Stand Back and Enjoy His Fall
From our 21st century perspective, we have found it hard to sympathize with Thomas—but season three has changed all that. Tara Austen Weaver reports on a crucial plot element that comes to a turning point for Thomas in episode six.
Did you ever think you’d feel sorry for Thomas? Thomas—the guy who shot his hand through to leave the war, who sabotaged Bates at every turn. Snide, supercilious Thomas! Oh, how the mighty have fallen. O’Brien says, “Stand back and enjoy his fall,” but really, it’s hard to.
Let’s get down to brass tacks. How dire was his situation? England has not always been accepting to those attracted to the same sex.
- In 1533 the British Buggery Act (I’m not making that title up, I swear), punished male gay sex by hanging.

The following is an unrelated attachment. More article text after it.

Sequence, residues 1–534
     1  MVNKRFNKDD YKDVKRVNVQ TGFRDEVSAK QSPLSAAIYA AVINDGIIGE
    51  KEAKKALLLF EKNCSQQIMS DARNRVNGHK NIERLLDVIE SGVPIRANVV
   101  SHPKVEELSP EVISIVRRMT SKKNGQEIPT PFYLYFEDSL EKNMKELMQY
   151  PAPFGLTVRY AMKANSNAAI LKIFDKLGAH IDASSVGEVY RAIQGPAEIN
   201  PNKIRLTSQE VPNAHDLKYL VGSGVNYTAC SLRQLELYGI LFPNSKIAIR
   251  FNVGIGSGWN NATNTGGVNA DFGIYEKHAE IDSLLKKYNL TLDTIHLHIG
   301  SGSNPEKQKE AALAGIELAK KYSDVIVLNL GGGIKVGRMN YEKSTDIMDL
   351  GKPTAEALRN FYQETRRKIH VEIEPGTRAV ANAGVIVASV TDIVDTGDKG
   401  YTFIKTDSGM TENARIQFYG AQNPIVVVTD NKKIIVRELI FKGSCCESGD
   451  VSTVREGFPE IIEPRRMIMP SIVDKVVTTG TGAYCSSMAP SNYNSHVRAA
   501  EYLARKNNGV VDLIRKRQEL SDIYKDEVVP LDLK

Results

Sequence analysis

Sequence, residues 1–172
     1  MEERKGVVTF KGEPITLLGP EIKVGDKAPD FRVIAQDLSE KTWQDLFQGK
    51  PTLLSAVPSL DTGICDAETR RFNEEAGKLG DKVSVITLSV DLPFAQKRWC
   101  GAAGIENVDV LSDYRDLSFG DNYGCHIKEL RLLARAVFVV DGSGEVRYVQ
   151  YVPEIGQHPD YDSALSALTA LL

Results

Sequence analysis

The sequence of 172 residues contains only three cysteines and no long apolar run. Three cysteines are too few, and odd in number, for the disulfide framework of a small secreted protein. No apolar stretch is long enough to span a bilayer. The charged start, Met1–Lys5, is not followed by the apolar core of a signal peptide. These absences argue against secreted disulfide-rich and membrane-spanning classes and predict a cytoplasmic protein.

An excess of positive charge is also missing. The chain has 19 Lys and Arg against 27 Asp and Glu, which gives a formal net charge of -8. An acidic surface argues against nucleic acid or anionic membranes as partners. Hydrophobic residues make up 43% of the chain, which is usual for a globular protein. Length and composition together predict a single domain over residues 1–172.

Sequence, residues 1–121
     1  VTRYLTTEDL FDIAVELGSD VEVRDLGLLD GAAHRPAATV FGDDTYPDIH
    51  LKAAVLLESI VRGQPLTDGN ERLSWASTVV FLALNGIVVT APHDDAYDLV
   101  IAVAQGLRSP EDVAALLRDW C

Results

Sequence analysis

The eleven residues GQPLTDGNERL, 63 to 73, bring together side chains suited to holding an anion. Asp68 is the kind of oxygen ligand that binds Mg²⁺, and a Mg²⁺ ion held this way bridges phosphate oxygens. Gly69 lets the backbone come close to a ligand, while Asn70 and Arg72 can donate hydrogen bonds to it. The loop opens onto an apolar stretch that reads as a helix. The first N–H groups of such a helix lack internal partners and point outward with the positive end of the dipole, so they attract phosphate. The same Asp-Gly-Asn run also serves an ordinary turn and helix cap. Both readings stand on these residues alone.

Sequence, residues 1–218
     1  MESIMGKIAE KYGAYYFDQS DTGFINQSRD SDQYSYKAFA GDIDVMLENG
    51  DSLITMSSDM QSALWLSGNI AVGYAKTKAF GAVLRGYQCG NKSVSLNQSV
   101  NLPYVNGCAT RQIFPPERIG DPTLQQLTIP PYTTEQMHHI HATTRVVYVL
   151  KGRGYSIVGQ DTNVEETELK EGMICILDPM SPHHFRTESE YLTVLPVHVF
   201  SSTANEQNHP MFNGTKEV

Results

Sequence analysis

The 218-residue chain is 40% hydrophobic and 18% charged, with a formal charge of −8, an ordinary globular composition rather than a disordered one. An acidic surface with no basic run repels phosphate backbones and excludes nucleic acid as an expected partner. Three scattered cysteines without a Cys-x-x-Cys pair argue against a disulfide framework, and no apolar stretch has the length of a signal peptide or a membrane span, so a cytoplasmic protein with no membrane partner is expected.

- The death penalty was removed in 1861, but homosexuality was still punishable by imprisonment. Thus, in the 1920s, Thomas could have been tossed in the clink for his advances on James (perhaps in a cell just next to Bates).
- As late as the 1950s, police were actively enforcing laws prohibiting relations between men. Oddly enough, lesbians were never targeted.
- The tide turns in 1957. The Wolfenden Report recommends same sex relations between consenting adults in private should not be a criminal offense. The Archbishop of Canterbury spoke up in support of the report (!!!), and the Homosexual Law Reform Society was founded to lobby for its adoption.
- Ten years later the Sexual Offences Bill of 1967 was approved. Some same-sex relations were allowed, after the age of 21, by mutual consent, and in private (hotel rooms were prohibited). It wouldn’t be until 2001 that the age of consent was lowered to 16—on par with the hetero age of consent.
And just this month, British Parliament passed a marriage bill that will legalize same-sex unions by 2015. Today, Thomas and James could be planning their wedding!
But really, that James is awful. Thomas, you could do so much better.